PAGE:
Actively flexing your muscles to hold your posture is not the answer.
Good posture is a combination of hard tissue (bones and their joints) being positioned well, and soft tissue (muscles, fascia) supporting that. And, it’s important to remember that soft tissue pliability and mobility impacts how hard tissue is positioned.
Your shoulders need to sit in a good position. But there are three often overlooked areas of your upper body that impact your posture. Understand more about these areas, and how to make yours better, and you’ll be well on your way to having better posture.
1. Increase mobility of your T-spine
Your thoracic spine, or T-spine, contributes heavily to your posture. If your pectorals, latissimus dorsi, and serratus anterior are shortened due to copious amounts of desk or car time, or heavy anterior-body training with minimal posterior-body training – no matter how much you pull your shoulders back, you’re fighting a losing battle against the length-tension relationship of your upper body.
When a muscle becomes overly shortened or has overly-increased tone, it needs to re-learn how to hold the new length-tension relationship with the other muscles working synergistically with it.
Essentially, you teach your body how it should function – and desk work or heavy anterior-body training teaches the body to round forward (if it’s not paired up with movement that takes the body out of that rounded or pulled forward position.)
Take action: Use a lacrosse ball (or tennis ball if you find the lacrosse ball too pain-inducing at first) and, using the ball, apply pressure to the pecs and serratus to increase the mobility of those areas.
Using your hand to move the ball around the area is fine to start. You can also use the wall to assist in applying pressure while you lean into the ball. These areas are notoriously tender for most folks, so start with gentle pressure.
The last thing you want is to increase tension and tone of the muscles of your upper body because you’re tensing in resistance from the pain of rolling out your pecs and serratus anterior.
The lats can be rolled out with a foam roller for a broad stroke mobilization or with a lacrosse ball if you know you have a particularly small area you want to get in to.
2. Strengthen your lower traps
Your trapezium muscle is large, and it’s made up of 3 sections, each section taking care of slightly different movement for your shoulders and back.
The upper traps are well-known for their ability to carry pain and tension after a long day at the office. (The upper traps also do actual movement functions, like medially rotating the clavicle, and assisting in scapular movement once the arm is slightly abducted.)
The mid traps are much less well known – they help pull the scapulae toward the spine, like the rhomboids.
The lower traps are often the least used and least trained part of the entire trapezius muscle
Even though the three sections all do slightly different things, they still work together. You don’t isolate one from the other entirely. So in training your back, it’s possible you’re getting some work out of the lower traps already.
But, it’s more common to see that the lower traps are under-active, just coming along for the ride during rows and even during the favorite posture-training exercise, the prone Y-raise.
Take action: The prone-Y Raise can be a useful exercise for the lower trapezius muscle, but due to the long lever of the arm, and difficulty a person with under-active lower traps would have in connecting to the lower traps to do the movement, it’s actually far more advanced than some would think.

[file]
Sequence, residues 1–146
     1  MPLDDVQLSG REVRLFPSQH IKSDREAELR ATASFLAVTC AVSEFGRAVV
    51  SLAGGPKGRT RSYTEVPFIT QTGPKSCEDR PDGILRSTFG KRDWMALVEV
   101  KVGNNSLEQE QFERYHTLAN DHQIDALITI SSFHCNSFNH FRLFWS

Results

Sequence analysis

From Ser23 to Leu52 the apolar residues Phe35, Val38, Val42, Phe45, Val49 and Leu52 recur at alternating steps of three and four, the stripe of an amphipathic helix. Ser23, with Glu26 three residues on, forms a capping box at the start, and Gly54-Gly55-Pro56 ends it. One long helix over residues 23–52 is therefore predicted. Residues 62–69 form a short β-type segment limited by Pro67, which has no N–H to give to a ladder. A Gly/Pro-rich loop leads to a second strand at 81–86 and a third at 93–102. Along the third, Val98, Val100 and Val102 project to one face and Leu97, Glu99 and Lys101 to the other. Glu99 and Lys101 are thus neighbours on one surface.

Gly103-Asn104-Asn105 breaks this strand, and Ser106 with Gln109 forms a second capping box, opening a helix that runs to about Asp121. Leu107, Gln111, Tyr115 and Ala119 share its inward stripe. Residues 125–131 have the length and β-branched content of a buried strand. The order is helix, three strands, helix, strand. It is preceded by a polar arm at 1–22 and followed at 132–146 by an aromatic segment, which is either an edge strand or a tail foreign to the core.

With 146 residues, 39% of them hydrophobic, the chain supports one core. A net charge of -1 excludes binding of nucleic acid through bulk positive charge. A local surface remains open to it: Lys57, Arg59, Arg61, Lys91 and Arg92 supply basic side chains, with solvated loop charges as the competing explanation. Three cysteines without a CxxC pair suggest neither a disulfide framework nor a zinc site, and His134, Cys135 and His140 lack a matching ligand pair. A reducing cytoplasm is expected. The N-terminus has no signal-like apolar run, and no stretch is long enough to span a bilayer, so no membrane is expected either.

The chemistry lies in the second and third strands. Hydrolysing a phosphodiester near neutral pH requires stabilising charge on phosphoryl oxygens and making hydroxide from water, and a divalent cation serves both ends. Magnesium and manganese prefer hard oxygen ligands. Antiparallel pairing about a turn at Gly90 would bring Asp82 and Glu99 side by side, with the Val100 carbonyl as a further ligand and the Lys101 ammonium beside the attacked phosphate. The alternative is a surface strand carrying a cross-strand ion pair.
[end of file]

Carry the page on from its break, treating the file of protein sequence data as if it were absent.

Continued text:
Start with wall slides (these slides will move downward, not up like you mave have done in physical therapy if you ever had a rotator cuff injury). Aim to feel a contraction under your scapula and wrapping around your ribs, fairly underneath your armpit and slightly behind a line drawn down from the armpit.
3. Strengthen serratus anterior
If your posture isn’t strong, there’s a good chance your scapulae aren’t sitting in the best position to begin with – and pulling them “down and back” from that position can create more problems while also not solving your problem of missing postural strength.
Breathing correctly is one way to get the serratus anterior going. You’ll want to add in strength movements to further enhance the capabilities of the serratus anterior though.
Take action: The floor press is one of those ‘big wow’ exercises that also is fun to do, and really targets the serratus anterior. However, it is an advanced exercise, and one that should be progressed to slowly.
A great place to start is with a scapular wall slide (not to be confused with the previous wall slides. Demo’d here by Eric Cressey, a guy who knows a thing or two about shoulders (he’s a major contributor to the shoulder health of MLB pitchers), the scapular wall slide can teach you how to start feeling your serratus anterior better.
I’m also a fan of the serratus press, which is simple to start on. At the top of your push-up, or your straight-arm plank, press a little farther up so that you drive your torso up higher and engage your serratus anterior in the process.
This video will show you how to do the serratus pressing in three different positions:
You’ve learned five actions you can take to improve your posture, that have nothing to do with putting your shoulders "down and back." These action steps will help you improve how you sit, stand, and move - which is what good posture is all about.
Thanks to Kate Galliett for this information.